Use lifetime for the first time, need help!


#1

I started to learn and use Rust few months ago. I never understand lifetime in Rust, and tend to avoid using references. But this time I can not avoid it any more, and there appear an error that I do not know how to solve. The code is here:

https://play.rust-lang.org/?gist=2590aeec13d12b1d14dc32a7998ba19c&version=stable

Is that way of using reference (of course, with some modifications) possible?
How to tell Rust that all_streams will always be there so that references in common_parts will always valid?
Or how… oh… I don’t know how! :frowning_face:

Please help! Thank you very much!


#2

The reason this doesn’t work is because your System owns the Stream (you push it into the vec). System is also parameterized by a lifetime, 'system, that’s picked by the caller/user of it - the CommonPart holds references to something the caller has determined a lifetime for. When you try to insert a reference to the Stream that you just became an owner of, there’s no way to meet that lifetime constraint - the lifetime of the Stream is equal to System, and not to a lifetime chosen by the caller. It’s morally equivalent to defining a struct Foo<T> {items: Vec<T>}, caller using it as Foo<i32>, and you trying to stick a String into the vec. Whether with generic lifetime parameters or generic type parameters, you cannot use incompatible types (this is more obvious with generic type params, but lifetimes are very much analogous at its core).

Ultimately, it seems like you’re attempting to create a self-referential struct - Rust doesn’t allow this. You can either have System take references from outside, or wrap the items in an Rc (to share ownership across several places), or use a crate like rental.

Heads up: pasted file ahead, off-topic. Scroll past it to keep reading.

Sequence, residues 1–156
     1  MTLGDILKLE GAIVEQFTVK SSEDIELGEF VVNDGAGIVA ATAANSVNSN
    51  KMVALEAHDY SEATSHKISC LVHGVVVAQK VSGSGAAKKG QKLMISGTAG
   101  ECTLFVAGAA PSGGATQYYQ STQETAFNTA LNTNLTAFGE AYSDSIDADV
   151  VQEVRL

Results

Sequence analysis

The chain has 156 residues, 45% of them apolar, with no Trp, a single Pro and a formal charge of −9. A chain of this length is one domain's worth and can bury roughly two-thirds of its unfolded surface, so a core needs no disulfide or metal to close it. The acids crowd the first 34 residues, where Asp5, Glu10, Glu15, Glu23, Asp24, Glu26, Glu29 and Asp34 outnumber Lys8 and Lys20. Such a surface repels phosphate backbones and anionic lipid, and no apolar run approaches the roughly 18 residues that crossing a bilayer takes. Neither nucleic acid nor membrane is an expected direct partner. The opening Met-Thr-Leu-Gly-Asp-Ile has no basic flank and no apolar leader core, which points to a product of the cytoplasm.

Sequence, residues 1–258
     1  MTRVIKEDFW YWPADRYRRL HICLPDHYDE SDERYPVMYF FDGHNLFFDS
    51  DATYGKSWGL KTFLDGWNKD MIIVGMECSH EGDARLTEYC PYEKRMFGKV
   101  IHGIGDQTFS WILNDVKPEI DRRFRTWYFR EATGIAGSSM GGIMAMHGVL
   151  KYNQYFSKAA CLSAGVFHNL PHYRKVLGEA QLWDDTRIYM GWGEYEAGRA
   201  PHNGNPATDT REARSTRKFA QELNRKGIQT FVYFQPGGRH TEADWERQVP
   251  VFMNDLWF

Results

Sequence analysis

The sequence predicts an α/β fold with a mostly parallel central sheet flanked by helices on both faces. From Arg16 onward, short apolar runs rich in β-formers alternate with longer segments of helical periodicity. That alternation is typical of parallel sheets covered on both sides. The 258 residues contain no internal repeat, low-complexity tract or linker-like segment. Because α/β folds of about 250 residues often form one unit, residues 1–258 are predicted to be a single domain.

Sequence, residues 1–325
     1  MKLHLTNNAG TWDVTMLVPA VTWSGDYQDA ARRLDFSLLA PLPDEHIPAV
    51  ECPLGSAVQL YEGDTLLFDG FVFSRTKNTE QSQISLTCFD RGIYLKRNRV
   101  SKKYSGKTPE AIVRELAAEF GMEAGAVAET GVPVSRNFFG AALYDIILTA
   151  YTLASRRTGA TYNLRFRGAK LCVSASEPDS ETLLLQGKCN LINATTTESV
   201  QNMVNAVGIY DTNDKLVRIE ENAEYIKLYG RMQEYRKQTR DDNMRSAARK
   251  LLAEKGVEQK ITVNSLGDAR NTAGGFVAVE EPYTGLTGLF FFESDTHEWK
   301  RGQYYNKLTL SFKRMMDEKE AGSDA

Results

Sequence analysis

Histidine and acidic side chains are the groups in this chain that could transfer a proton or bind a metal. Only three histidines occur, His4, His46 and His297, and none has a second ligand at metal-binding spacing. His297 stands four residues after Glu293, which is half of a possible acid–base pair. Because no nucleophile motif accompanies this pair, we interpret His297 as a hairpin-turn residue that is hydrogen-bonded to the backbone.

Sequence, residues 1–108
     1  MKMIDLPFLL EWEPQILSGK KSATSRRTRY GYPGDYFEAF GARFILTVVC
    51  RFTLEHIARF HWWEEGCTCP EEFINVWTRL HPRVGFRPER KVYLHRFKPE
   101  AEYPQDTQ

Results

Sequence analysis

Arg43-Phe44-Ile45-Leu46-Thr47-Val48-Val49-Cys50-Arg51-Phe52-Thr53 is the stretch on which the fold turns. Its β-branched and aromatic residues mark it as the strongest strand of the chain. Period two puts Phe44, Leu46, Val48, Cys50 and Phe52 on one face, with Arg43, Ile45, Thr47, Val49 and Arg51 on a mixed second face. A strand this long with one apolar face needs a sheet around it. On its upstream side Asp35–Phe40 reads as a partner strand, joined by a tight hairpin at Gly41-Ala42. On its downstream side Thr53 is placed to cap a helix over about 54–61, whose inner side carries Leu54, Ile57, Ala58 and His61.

#3

rental is not for newcomer (or not for me? read its docs, read its example, read its test codes… understand little, and completely not know how to apply to my problem).

Rc and RefCell (I need to modify Stream via reference in CommonPart) have some overhead. I have to iterate through these Vec again and again intensively, hence I don’t want to give up performance here. I know that losing some performance is better than walking with bare feet into the dark wild. But I have another big reason as I mentioned in the original post:

How to tell Rust that all_streams will always be there so that references in common_parts will always valid?

Yes, when I know the fact that all references will always be valid why not go for some unsafe-Rust code. I decide to read some docs about unsafe-Rust (never read it before), and happy with my choice.

Some words for newcomers like me. If you are able to reason and sure about the safety of your piece of code, don’t be afraid of unsafe code. When you feel perfectly safe in an unsafe-block, unsafe is your friend, otherwise just stay away from it.


#4

What happens if the Vec holding the streams resizes (reallocates) and the streams are moved to different memory location? Your CommonParts are left holding dangling references (assuming you switched to raw pointers) to those streams.


#5

Thank you for your warning! In this case, the number of streams can be counted before creating them. I think creating Vec::with_capacity will solve the problem? I seem over confident when trying unsafe-code! I should be more careful! Thanks again!


#6

typed_arena crate could be a better choice. It guarantees that references to objects allocated in the arena are valid for the entire lifetime of the arena.


#7

I actually think Vec::into_boxed_slice is better to enforce the fixed size aspect.


#8

Yeah if you can keep the storage fixed then this concern goes away. The hard part about things like this isn’t getting the initial code to work but keeping it working as code churns and these little safety assumptions erode away. Compiler (for all intents and purposes) turns its head away from unsafe and won’t be able to help.

You mentioned performance being a concern but perhaps you should write a safe version and check it first? It might be good enough. You can always cut corners later.